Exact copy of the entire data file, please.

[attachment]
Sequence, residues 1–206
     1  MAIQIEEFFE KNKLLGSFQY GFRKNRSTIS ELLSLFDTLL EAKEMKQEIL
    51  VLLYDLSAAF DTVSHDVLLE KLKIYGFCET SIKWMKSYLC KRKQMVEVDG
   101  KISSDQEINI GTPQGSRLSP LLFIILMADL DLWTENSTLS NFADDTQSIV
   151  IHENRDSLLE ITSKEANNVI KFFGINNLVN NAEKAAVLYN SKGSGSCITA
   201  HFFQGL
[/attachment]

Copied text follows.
Sequence, residues 1–206
     1  MAIQIEEFFE KNKLLGSFQY GFRKNRSTIS ELLSLFDTLL EAKEMKQEIL
    51  VLLYDLSAAF DTVSHDVLLE KLKIYGFCET SIKWMKSYLC KRKQMVEVDG
   101  KISSDQEINI GTPQGSRLSP LLFIILMADL DLWTENSTLS NFADDTQSIV
   151  IHENRDSLLE ITSKEANNVI KFFGINNLVN NAEKAAVLYN SKGSGSCITA
   201  HFFQGL